It is therefore necessary to develop cheaper molecular screening methods as an alternative to PCR. Several detection systems have been developed and used for routine detection, including loop-mediated isothermal amplification (LAMP) [11] and recombinase polymerase amplification (RPA) [12]. Recombinase-aided amplification (RAA) is a novel nucleic acid isothermal amplification technology. The basic RAA system includes recombinase UvsX, single-stranded DNA binding protein, and a DNA polymerase (all from E. coli). With high sensitivity, specificity, and simplicity, it can rapidly detect nucleic acids under non-laboratory conditions. Thus, RAA has widely been used in the detection of several pathogens and the amplified products can be detected by agarose gel electrophoresis, a real-time fluorescence detection platform or a lateral flow strip (LFS). In the current study, we established and evaluated a rapid and simple fluorescence RAA (fRAA) assay for detecting B. microti infection.
Many molecular assays are used to screen and differentiate parasites infections and they always amplify the 18S rRNA gene, which allows for detection of a broad-range of Babesia spp. The mitochondrial genome in apicomplexan parasites, including Babesia, Theileria, Plasmodium spp., and Toxoplasma gondii, has similar structure [13]. Among the 4 distinct mitochondrial genes, cytochrome oxidase c subunit I (cox1) is evolutionarily conserved and presents in a larger copy number than the chromosomal genes [14]. The sequences of B. microti cox1 gene in NCBI are highly homologous (100%) by MegAlign in Lasergene 7.1 (DNAStar, Madison, Wisconsin, USA) among B. microti strains but different from other apicomplexan parasites, making it a valuable target for molecular detection.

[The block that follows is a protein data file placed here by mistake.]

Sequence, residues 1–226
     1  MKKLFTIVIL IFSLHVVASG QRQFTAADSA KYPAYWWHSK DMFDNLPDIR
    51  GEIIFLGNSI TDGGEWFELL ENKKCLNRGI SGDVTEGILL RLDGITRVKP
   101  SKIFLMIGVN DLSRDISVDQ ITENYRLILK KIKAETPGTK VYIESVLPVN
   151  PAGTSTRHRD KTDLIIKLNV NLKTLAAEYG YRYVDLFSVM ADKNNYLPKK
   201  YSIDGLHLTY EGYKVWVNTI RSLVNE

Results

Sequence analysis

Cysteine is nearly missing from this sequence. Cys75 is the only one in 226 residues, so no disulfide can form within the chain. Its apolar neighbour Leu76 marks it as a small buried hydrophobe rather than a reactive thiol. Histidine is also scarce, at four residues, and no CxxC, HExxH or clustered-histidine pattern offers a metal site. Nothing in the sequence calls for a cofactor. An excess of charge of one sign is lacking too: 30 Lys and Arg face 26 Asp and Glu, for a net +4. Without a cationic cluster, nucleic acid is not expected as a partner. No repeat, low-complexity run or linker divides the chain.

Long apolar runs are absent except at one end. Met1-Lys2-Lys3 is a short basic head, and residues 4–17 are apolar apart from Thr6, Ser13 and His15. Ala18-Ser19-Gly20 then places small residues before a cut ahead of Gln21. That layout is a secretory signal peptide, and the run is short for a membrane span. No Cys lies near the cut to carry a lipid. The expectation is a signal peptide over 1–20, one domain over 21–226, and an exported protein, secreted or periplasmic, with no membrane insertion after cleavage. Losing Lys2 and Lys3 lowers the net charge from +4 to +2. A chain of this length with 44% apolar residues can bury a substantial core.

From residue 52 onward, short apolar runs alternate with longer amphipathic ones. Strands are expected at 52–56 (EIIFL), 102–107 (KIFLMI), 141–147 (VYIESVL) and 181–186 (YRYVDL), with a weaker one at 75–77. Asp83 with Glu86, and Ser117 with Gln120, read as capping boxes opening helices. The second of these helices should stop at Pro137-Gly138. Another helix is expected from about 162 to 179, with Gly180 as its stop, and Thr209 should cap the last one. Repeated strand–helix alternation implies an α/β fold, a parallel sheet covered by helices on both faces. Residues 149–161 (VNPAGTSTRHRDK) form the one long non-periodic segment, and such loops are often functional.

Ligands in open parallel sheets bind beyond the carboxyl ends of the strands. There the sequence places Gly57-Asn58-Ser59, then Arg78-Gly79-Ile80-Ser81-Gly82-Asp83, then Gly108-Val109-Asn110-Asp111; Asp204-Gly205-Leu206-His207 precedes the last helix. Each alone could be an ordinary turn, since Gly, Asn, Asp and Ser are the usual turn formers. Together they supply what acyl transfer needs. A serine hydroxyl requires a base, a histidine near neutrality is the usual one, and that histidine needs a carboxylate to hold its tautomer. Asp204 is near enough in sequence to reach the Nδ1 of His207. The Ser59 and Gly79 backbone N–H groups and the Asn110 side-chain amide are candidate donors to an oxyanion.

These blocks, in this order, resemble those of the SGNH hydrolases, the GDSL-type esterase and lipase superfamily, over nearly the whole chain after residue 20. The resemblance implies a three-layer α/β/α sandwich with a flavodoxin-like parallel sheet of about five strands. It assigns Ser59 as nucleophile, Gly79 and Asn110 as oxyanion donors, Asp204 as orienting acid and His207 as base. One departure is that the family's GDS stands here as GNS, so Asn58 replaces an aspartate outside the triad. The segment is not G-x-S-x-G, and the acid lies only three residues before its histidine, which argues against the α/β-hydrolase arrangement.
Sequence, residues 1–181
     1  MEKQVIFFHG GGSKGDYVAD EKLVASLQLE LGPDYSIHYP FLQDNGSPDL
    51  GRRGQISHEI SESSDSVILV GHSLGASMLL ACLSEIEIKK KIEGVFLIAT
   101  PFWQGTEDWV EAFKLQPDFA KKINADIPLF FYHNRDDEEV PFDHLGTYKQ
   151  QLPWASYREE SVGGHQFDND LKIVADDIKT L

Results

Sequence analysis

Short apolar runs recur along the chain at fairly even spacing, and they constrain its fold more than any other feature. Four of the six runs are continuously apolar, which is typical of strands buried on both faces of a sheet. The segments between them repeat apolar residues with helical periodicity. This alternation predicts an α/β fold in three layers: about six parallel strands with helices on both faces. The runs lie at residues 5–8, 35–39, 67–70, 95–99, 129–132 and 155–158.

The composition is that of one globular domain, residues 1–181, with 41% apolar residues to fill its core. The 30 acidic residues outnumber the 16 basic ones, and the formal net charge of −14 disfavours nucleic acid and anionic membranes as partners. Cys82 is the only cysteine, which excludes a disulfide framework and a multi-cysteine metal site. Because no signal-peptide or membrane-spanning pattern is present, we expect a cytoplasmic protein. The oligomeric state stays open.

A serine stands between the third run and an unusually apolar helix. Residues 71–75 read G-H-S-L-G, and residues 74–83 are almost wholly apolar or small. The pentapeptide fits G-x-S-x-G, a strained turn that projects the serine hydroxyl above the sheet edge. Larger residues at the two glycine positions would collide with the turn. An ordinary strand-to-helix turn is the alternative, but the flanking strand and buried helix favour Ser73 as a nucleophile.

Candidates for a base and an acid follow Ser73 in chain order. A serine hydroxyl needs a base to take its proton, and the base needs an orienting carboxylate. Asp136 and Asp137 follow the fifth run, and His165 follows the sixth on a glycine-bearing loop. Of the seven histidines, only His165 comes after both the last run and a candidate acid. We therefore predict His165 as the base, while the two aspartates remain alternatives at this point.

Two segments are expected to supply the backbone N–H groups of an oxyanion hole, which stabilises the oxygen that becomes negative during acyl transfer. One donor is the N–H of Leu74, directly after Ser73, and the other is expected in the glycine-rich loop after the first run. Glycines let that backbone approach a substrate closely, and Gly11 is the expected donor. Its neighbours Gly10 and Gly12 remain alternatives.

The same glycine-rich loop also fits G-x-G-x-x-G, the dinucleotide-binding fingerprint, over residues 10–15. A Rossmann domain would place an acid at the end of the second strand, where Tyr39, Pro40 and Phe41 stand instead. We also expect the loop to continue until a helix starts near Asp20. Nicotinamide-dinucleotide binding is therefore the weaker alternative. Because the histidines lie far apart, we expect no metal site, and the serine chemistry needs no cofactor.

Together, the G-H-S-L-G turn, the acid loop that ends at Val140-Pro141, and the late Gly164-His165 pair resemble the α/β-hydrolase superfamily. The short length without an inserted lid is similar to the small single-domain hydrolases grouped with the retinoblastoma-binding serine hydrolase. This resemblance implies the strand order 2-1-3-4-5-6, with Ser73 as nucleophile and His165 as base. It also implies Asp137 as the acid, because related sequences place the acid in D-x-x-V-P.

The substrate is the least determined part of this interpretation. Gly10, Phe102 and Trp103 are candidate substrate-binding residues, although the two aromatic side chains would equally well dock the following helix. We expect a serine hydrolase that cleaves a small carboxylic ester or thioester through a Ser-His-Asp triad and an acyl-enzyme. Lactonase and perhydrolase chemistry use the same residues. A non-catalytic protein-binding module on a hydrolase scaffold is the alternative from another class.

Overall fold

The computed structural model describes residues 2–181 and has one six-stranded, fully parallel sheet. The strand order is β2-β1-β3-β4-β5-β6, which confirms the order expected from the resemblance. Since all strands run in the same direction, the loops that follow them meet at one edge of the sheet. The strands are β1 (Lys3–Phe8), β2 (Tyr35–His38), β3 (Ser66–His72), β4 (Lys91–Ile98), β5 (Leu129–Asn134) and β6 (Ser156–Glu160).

The recombinant plasmid containing a 500 bp fragment of the cox1 gene (GenBank No. LC005813.1) (nt 263–762) were synthesized, cloned to the pUC57 vector (designated on pUC57-cox1), and used as the standard positive template for fRAA assay. Several forward and reverse RAA primers were designed (Supplementary Table S1) and different primer pairs were optimized by a commercial RAA kit (Qitian, Wuxi, China). The amplified products ranging from 170 to 239 bp were screened using 1.5% agarose gel electrophoresis. After screening, the best primer pairs were chosen (Supplementary Fig. S1). The forward primer was labeled with FAM at the 5′-end (5′-FAM-CTTGGTCTATCTATATAACATCTGTGTTATTG-3′) and the reverse primer was labeled with BHQ-1 at the 3′-end (5′-CTGGATGTCCAAAGACCCAGAATAGATGCCGAT-BHQ-1–3′). The probe was designed by adding a fluorescence FAM on the 31st base (T) from the 5′-end, an internal tetrahydrofuran residue (THF) on the 32nd base (C), BHQ1 on the 33rd base (T), and a C3 spacer (SpC3) at the 3′-end (5′-CATGCTTCTTGCTGATAGGCACTATAACAC [FAM-dT] C [THF] T [BHQ1-dT] GCTATTTG ATCCTAC-3′ SpC3). All primers and probe used for fRAA assay were synthesized by Sangon Biotech (Shanghai, China).